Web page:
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In trouble for speaking in a Foregn Language?


raytalks
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Has anybody here got into any trouble while speaking a foreign language, that you haven't completely mastered. There can be times when you pronounce a word with a slight difference, unknown to you, and it turns out to be another word altogether. I have fortunately never been in too much trouble, and had my friends correct me, when I tried my hand at Arabic when I was in the Middle East. Have you got yourself into in any trouble or an awkward situation?

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I've never gotten in trouble for speaking a foreign language. My English is good enough that I don't make silly mistakes like that, and I don't usually speak in Italian, so I haven't had the chance to mess something up just yet.

Not exactly what you asked for, but still. I used to think for a really long time that "hash browns" were hashish brownies. I was really surprised when I figured out it was just potatoes. Ooops. :)

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I have never gotten in trouble for speaking a foreign language. My parents would always encourage me to learn and apply foreign languages so that when I grow up, it will be much easier to find a job. They would take me to a private school just for learning a specific language, such as Chinese (Mandarin).

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It is definitely possible to mispronounce a word and make it similar to a different word, which is perhaps offensive to someone else. I don't think that can actually cause you trouble, though, or at least it is very rare. Context, intonation and paralinguistic cues do a wonderful job of communicating your intentions even when you might be misunderstood, so the listener would probably notice your mistake, and maybe chuckle, but he or she would understand that you meant the similar, more innocuous word.

A famous recent case of something like you described happened to no other than the Pope! He meant to say "in questo caso" (in this case) but he mispronounced it and said "in questo cazzo", which is a whole other thing!

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I got an experience to share, but isn't mine is from a friend who had just started learning English and decided to make use of it while in the states.  He went to one of those nice cafeterias, an African American waiter was supposed to take his order. Now, bear in mind my friend's English wasn't so good and he was still clueless about word order and stuff.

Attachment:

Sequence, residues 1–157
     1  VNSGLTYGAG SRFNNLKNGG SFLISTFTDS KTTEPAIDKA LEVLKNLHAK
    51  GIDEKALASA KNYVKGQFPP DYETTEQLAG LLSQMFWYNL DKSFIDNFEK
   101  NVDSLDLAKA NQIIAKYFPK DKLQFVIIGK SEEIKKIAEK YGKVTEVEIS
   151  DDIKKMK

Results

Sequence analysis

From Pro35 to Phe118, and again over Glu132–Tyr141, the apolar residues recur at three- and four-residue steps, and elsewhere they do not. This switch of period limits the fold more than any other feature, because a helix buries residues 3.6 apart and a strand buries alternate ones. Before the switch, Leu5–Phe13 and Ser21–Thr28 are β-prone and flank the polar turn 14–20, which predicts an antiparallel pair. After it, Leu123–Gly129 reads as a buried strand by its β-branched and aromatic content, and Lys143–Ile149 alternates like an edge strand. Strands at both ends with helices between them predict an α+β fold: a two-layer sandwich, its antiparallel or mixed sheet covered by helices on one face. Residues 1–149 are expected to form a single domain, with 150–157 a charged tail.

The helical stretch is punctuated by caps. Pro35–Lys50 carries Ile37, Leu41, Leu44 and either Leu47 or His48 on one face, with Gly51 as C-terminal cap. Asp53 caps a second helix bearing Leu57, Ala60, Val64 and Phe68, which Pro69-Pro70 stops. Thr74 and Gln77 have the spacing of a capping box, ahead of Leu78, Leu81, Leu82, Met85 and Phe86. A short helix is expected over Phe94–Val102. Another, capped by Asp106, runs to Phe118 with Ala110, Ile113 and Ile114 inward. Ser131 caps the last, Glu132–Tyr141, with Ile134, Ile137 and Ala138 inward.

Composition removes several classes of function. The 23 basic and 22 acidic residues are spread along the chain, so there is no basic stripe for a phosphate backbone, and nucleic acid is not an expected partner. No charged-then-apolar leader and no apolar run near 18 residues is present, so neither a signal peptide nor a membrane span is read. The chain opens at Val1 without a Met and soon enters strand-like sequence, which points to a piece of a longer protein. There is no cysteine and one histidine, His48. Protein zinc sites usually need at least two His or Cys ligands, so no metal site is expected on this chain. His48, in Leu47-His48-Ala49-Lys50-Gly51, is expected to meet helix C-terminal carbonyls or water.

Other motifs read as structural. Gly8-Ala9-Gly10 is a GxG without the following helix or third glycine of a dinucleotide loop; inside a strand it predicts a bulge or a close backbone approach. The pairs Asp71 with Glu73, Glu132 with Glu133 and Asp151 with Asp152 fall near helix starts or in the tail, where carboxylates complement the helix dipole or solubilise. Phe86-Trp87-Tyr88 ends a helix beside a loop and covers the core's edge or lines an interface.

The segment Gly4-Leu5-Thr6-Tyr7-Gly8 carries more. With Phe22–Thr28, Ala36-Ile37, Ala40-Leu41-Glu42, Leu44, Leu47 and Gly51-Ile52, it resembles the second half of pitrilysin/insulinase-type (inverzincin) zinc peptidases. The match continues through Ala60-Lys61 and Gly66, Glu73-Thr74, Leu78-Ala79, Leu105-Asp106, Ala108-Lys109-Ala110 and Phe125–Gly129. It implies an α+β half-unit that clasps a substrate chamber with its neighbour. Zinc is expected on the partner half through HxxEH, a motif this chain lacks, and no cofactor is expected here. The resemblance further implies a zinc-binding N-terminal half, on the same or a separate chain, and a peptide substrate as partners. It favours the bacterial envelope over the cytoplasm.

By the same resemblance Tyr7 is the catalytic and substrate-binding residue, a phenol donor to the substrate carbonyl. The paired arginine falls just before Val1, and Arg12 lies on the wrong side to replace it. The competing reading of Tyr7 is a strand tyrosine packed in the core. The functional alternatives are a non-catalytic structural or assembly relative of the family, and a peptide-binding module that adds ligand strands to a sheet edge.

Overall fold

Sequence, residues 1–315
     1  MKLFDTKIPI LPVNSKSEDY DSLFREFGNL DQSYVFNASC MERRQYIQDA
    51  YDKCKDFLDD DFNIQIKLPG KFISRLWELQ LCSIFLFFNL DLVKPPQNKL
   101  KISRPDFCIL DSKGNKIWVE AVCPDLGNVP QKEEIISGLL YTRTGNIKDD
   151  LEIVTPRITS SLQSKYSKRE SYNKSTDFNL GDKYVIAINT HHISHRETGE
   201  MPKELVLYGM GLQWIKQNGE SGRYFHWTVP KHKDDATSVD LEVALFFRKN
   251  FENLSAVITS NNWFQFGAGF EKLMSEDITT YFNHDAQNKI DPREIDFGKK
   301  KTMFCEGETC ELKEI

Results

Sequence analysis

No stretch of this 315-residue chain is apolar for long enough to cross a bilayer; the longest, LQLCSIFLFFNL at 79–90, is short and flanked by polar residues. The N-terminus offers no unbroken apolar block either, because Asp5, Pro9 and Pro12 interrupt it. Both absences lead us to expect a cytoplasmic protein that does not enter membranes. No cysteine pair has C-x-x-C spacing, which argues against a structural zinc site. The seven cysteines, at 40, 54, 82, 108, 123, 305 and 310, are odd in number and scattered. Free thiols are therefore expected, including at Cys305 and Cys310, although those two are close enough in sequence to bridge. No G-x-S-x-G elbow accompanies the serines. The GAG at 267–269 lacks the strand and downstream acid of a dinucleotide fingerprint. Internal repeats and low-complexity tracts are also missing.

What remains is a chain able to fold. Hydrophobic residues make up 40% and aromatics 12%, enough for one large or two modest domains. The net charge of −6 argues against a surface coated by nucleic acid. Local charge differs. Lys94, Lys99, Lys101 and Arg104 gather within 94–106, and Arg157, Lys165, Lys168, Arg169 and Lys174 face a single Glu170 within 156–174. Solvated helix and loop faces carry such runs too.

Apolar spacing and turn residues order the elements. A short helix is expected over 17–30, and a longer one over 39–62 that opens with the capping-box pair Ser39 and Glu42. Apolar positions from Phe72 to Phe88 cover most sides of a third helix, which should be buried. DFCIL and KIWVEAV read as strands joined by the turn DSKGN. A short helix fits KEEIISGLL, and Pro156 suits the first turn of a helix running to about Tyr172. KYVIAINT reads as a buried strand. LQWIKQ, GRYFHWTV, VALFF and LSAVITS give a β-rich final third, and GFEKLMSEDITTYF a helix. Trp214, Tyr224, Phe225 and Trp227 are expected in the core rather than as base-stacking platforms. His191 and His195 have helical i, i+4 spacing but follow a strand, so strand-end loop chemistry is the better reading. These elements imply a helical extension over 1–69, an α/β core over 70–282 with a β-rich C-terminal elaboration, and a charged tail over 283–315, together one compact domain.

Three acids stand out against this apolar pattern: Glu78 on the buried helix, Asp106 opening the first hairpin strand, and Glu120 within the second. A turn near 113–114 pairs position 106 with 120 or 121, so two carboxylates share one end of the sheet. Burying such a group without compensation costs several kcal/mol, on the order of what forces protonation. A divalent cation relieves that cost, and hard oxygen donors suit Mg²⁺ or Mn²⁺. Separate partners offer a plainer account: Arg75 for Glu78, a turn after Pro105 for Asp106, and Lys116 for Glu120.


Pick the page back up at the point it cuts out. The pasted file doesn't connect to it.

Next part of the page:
My friend places his order: two eggs and a coffee black!  So, lol, the waiter got kinda mad!  My friend couldn't really get why, until later.

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I have never had one of those bad experiences but this does drag my memory back to a friend's experience back in high school. At the time we did both Spanish and French as foreign languages and my friend was quite fearless and determined to master Spanish. She would always drop in French words for Spanish, even whenever she was to give a response in class and so the whole class would have a big laugh about it. She however, was quite serious about it and today she is a Spanish teacher, thanks to her perseverance.

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  • 3 weeks later...

No, luckily, I haven't experienced that kind of situation yet, because over here English is quite mainstream, and I am fortunate to be able to speak it correctly with no wrong grammar, and of course, fluently, so speaking English has never been a source of embarrassment or trouble for me.

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I have not.  I think generally people understand that if it is not your first language you are still learning and mistakes happen sometimes.  I did have a situation at work though where a coworker was repeatedly told not to speak Spanish to another coworker in a different department.  I believe they were the only Spanish speakers currently on staff at the time and the supervisor did not like that she didn't understand much of what they were saying.

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Hahaha yes! I worked for a Korean company once, so that motivated me to start studying the language. One time, our company CEO visited our department for a regular inspection or something. I was just a beginner then and I greeted him "Annyeonghaseyo". He laughed and asked if I was studying Korean. So I said yes, and I was a beginner. He told me that if I am speaking to someone older, I should use the formal version which is "Annyeonghamnida".

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Yes I did. When I went to Rome for a vacation I never really had any formal training or lessons when it comes to Italian and most of the time when I check out from the hotel I'm staying people would always give that look when they don't understand what you're saying because your pronouncing it wrong.

It's not much that I got into trouble but it was really annoying and embarrassing at the same time.

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Never really got into trouble with language but more because of sign language and gestures. When I visited a friend who was from the Middle East I made the "Okay" sign with my thumb to his parents when I first arrived and they all stared at each other and laughed and explained to me what it meant for them

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